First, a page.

A writer of prodigious gifts, Virginia Hamilton forged a new kind of juvenile fiction by twining African-American and Native American history and folklore with contemporary stories and plotlines.

With Hamilton's first novel, Zeely, the story of a young farm girl who fantasizes that a woman she knows is a Watusi queen, she set the bar high. The book won a American Library Association Notable Children's Book citation. Hamilton rose to her own challenge, and every new book she published enriched American literature to such a degree that in 1995 she was awarded the ALA's Laura Ingalls Wilder Award for lifetime achievement.

Born in Yellow Springs, Ohio, and raised in an extended family of farmers and storytellers (her own father was a musician), Hamilton's work was inspired by her childhood experiences, family mythology, and Ohio River Valley homeland. In an article about the importance of libraries in children's lives, she credits her mother and the "story lady" at her childhood public library with opening her mind to the world of books.

Although she spent time in New York City working as a bookkeeper after college, and traveled widely in Africa and Europe, Hamilton spent most of her life in Yellow Springs, anchored by the language, geography, and culture of southern Ohio. In The House of Dies Drear, she arranged her story around the secrets of the Underground Railroad. In M. C. Higgins, the Great, winner of both a John Newbery Medal and a National Book Award, she chronicled the struggles of a family whose land, and life spirit, is threatened by strip mining. Publishers Weekly called the novel "one of those rare books which draws the reader in with the first paragraph and keeps him or her turning the page until the end."

In her series of folk-tale collections, including The People Could Fly: American Black Folktales, In the Beginning: Creation Stories from Around the World, and Her Stories: African American Folktales, Fairy Tales, and True Tales, Hamilton salvaged and burnished folk tales from cultures across the world for her stories; stories that suffused her fiction with its extraordinary blend of worldly and otherworldly events, enchantment, and modern reality. Virginia Hamilton died on February 19, 2002.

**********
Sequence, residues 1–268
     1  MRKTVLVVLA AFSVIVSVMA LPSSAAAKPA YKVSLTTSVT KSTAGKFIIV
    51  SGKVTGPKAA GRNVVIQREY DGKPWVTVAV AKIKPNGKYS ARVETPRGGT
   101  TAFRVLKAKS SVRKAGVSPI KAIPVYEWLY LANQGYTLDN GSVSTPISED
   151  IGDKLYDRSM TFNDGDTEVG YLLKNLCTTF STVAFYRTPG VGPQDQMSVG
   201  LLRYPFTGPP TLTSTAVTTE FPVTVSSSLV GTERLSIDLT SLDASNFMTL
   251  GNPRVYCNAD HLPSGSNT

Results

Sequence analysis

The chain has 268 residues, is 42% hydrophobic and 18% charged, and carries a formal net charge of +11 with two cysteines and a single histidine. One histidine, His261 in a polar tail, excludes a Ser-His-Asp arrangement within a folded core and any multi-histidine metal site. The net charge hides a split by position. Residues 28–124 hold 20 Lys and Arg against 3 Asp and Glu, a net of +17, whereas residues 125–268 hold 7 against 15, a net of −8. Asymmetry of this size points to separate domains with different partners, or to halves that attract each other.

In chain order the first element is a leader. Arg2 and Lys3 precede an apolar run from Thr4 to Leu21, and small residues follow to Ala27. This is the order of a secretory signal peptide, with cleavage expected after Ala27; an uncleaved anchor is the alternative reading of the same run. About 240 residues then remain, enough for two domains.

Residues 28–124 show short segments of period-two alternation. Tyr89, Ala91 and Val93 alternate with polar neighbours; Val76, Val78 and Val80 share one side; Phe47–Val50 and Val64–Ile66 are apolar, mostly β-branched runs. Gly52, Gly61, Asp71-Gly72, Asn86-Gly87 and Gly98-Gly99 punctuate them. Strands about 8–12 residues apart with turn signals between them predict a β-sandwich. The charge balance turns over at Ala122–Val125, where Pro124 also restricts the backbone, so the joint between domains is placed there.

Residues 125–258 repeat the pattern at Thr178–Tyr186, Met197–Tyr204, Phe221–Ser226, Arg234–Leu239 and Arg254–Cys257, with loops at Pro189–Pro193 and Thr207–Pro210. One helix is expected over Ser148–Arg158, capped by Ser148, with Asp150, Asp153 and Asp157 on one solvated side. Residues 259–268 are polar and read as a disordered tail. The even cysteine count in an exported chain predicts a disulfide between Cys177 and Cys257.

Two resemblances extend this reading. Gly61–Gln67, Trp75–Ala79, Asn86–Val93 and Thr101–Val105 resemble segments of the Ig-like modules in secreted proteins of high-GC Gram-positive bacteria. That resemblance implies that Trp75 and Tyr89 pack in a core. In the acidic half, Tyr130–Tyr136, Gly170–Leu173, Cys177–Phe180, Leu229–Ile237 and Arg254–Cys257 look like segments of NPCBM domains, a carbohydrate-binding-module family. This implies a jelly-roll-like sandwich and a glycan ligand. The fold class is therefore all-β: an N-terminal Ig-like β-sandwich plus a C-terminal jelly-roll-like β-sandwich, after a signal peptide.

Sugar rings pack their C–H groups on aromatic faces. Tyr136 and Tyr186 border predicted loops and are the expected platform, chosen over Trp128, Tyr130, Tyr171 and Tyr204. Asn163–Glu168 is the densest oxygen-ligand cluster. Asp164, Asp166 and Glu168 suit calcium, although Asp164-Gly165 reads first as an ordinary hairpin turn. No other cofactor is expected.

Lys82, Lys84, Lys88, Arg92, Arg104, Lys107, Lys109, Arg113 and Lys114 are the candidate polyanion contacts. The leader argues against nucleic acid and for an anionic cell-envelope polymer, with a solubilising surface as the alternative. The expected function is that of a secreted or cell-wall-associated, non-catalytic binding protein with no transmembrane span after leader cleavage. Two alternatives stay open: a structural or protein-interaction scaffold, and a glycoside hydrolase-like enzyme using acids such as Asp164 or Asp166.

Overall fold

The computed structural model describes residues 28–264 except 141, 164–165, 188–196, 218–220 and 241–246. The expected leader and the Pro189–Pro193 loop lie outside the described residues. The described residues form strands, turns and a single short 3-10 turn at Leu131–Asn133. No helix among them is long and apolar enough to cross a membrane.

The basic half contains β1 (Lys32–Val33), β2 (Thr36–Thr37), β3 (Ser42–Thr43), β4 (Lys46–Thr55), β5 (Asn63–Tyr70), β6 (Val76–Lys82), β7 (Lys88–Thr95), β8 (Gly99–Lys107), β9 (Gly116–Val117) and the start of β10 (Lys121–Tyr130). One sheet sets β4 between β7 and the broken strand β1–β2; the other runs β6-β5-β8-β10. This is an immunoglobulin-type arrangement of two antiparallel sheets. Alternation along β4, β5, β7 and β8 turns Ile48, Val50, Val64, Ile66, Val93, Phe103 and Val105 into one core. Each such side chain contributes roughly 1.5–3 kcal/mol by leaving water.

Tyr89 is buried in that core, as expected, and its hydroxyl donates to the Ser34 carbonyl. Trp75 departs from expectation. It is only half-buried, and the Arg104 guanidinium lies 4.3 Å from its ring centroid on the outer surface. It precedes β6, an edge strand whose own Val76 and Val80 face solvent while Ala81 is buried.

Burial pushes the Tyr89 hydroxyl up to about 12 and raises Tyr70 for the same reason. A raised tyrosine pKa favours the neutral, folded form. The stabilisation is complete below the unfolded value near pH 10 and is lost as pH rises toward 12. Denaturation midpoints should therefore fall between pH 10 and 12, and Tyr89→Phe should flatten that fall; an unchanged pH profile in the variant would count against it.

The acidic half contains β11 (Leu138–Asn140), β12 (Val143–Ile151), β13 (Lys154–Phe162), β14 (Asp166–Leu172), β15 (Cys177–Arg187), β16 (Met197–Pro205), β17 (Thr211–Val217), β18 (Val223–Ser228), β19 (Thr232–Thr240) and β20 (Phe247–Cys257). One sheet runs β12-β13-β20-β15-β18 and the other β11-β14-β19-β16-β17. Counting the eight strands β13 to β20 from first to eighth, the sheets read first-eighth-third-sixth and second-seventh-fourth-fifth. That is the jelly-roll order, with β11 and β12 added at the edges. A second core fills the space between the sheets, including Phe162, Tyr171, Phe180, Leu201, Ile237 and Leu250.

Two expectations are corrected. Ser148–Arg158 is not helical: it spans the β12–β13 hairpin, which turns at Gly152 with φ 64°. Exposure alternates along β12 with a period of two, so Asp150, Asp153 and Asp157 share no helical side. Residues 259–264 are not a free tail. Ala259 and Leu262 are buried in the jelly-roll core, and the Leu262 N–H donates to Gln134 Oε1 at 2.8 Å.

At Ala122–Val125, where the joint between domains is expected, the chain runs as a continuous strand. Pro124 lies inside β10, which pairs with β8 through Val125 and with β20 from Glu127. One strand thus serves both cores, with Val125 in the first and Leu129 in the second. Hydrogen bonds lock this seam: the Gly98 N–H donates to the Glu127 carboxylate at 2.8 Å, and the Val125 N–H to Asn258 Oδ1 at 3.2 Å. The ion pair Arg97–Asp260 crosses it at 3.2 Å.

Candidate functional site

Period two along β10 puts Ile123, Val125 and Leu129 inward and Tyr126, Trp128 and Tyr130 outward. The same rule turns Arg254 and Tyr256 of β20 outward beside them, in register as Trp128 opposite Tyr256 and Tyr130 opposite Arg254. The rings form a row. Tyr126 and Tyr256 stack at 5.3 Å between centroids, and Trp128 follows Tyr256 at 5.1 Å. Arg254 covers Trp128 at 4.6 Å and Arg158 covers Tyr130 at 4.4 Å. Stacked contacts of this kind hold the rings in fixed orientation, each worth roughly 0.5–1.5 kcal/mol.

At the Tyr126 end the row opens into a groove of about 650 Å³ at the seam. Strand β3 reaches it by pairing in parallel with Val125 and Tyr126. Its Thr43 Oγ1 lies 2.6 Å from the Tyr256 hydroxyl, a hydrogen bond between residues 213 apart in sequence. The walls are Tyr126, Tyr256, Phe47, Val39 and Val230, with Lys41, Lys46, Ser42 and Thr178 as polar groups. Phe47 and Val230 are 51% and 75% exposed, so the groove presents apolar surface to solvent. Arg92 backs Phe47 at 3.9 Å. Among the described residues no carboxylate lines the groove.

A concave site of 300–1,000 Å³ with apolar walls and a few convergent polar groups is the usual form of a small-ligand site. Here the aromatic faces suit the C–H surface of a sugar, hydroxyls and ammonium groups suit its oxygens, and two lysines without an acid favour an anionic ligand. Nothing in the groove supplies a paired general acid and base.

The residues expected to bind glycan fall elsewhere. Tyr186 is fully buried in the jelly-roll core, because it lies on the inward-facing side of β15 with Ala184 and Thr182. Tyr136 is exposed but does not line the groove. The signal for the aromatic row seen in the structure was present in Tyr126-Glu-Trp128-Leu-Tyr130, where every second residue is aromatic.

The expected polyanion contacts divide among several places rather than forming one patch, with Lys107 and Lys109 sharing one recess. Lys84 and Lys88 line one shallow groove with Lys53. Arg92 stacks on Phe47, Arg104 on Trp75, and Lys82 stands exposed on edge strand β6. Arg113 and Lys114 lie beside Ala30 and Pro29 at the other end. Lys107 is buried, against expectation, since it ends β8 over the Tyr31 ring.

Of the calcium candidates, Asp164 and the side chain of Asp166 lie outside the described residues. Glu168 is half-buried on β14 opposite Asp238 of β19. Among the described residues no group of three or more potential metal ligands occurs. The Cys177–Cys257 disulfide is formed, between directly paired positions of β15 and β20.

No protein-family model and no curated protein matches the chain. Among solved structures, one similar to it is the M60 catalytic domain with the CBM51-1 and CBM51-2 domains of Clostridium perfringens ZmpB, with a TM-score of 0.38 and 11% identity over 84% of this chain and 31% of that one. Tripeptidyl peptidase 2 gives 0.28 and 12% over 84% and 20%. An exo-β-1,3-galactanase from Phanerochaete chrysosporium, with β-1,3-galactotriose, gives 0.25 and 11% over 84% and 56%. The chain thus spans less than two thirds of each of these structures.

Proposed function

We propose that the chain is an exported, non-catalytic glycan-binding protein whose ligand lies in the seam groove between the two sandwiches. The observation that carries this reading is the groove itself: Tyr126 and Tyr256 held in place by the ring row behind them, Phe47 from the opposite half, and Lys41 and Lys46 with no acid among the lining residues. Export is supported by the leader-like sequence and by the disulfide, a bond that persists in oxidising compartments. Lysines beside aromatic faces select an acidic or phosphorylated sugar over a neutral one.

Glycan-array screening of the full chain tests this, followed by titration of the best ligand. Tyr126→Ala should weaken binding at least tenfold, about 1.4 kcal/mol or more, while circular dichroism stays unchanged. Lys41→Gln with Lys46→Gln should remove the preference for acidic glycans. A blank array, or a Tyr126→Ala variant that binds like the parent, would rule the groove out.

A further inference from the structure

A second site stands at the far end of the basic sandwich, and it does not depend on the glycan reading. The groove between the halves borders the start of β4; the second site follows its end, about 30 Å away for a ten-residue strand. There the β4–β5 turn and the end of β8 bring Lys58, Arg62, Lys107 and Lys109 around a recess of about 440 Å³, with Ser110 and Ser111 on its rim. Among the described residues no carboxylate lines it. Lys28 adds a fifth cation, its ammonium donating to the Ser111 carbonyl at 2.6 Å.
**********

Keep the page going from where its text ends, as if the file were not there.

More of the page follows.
Good To Know

Hamilton's first research trip to a library was to find out more about her family's exotic chickens, which her mother called "rainbow layers," because of the many tints of the eggs they laid.

In 1995, Hamilton became the first children's writer to win a John D. and Catherine C. MacArthur "genius" grant.

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    1. Date of Birth:
      March 12, 1936
    2. Place of Birth:
      Yellow Springs, Ohio
    1. Date of Death:
      February 19, 2002
    2. Place of Death:
      Yellow Springs, Ohio
    1. Education:
      Attended Antioch College, Ohio State University, and the New School for Social Research
    2. Website:

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Sort by: Showing all of 3 Customer Reviews
  • Anonymous

    Posted June 29, 2003

    Proud to be black

    I know this book is good because it tells about an important event slavery. I think everyone should focus on something like this book because it makes you ask more questions and find out the answers.

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  • Anonymous

    Posted March 4, 2002

    A great one

    This novel was a great story. I had to read a book for my English class and I dont think I could have choosen a better one. This story was written very well with simple vocabulary. The parts that I disliked were how it jumped back and forth between time periods. Another part of the story I disliked was the dialogue between the slaves because of their little education. Everything else was great. This story was outstanding and I recommend it to anyone.

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  • Anonymous

    Posted March 30, 2001

    Attention all History fans

    This book is very interesting if you like history, but very boring if don't. It's based on a true story that talks about the trial of Anthony Burns.

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Sort by: Showing all of 3 Customer Reviews